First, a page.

The probe found that the awardees grossly underpaid for the lots by a total of nearly $250 million, while the state-owned National Industrial and Commercial Investments Limited, National Com-munications Network, and Guyana Power and Light Inc were never reimbursed for millions spent to execute preparatory works.

“Our examination leads to the conclusion that the project was done outside of the established procedures and that Minister (Ali) piloted every aspect of the transaction without recourse to the Authority. While the minister has considerable powers under the Housing Act, his role in the issue of titles was well outside of his functions and powers,” the final report said.

The report added that the awardees made payments to the CH&PA but these were significantly lower than the market value. “No files were maintained by CHPA for any of the plots allocated by a process that can be described as lacking transparency at best,” it further said.

On March 10, Jagdeo, Luncheon, former Minister Robert Persaud, Lisaveta Ramotar, who is the General Manager of the Guyana Gold Board and daughter of former president Donald Ramotar, Ramesh Dookhoo, former Chairman of the Private Sector Commission, and Dr Ghansham Singh who were also beneficiaries of house lots in the scheme, were all arrested and questioned before being released without charge. Marcia Nadir-Sharma, former Deputy Director of state holding company, NICIL was also questioned on that day.

The following day seven others—former prime minister Samuel Hinds, former housing minister Irfaan Ali, former home minister Clement Rohee, former education minister Priya Manickchand, former Chief Executive Officer of the Guyana Water Incor-porated Shaik Baksh, former labour minister Nanda Gopaul and former public service minister Dr Jennifer Westford—were questioned by SOCU. On Thursday, former presidential press officer Kwame McCoy and former head of the Office for Climate Change Andrew Bishop were questioned, while on Friday Director of Public Prosecutions Shalimar Ali-Hack and her husband, Moeen ul-Hack, as well as former Chief of  Staff of the Guyana Defence Force Gary Best were questioned.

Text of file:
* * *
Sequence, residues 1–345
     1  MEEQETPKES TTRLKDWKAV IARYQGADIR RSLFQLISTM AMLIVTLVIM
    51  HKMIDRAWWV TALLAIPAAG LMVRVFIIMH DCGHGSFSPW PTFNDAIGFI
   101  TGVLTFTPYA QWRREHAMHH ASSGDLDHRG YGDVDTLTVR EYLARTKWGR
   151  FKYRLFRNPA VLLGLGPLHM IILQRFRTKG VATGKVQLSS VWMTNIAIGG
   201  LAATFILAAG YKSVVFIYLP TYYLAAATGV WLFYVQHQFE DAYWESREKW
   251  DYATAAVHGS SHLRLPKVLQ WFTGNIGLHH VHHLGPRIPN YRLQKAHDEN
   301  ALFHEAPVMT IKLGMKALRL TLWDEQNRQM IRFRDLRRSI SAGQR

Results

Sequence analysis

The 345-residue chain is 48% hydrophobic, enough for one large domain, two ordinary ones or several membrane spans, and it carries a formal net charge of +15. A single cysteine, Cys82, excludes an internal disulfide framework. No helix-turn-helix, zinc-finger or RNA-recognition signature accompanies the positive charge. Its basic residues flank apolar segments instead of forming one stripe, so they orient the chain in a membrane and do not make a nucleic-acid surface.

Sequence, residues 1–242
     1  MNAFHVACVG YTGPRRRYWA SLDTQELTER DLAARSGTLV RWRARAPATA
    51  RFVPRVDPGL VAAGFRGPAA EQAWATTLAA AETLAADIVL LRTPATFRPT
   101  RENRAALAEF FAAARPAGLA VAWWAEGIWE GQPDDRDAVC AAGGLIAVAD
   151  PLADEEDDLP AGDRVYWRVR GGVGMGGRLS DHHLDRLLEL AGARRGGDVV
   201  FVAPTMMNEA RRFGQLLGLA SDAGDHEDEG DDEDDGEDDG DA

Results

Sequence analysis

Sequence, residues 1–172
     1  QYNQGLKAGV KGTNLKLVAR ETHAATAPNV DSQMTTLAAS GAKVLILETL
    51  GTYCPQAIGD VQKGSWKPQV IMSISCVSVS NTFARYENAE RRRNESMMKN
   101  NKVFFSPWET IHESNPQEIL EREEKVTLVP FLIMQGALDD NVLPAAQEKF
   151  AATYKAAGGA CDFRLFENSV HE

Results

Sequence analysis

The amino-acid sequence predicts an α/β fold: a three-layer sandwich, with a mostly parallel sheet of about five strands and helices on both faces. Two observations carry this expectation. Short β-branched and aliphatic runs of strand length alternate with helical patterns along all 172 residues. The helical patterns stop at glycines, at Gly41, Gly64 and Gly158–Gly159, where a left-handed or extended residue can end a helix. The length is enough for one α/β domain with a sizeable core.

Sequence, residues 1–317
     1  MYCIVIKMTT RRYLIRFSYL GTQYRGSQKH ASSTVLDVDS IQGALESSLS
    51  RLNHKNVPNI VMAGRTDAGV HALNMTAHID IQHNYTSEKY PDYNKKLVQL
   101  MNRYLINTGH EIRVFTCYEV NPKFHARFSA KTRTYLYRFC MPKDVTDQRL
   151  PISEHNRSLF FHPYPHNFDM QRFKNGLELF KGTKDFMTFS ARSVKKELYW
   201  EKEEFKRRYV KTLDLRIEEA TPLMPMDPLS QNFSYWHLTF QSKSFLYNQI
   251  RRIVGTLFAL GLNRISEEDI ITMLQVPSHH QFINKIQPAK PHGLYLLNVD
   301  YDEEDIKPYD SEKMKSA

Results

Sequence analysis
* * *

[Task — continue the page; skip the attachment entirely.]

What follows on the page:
President David Granger had publicly said that Jagdeo’s arrest was unjustified.

On the `Public Interest’ programme aired days after the high profile arrests and questioning, Granger expressed regret “personally to Mr. Jagdeo. I did not feel that his personal arrest was justified in the circumstances but I did not overrule the right of the police force to conduct an investigation or to invite people of any rank to go to SOCU Headquarters. It is not possible for SOCU to visit every single former minister.”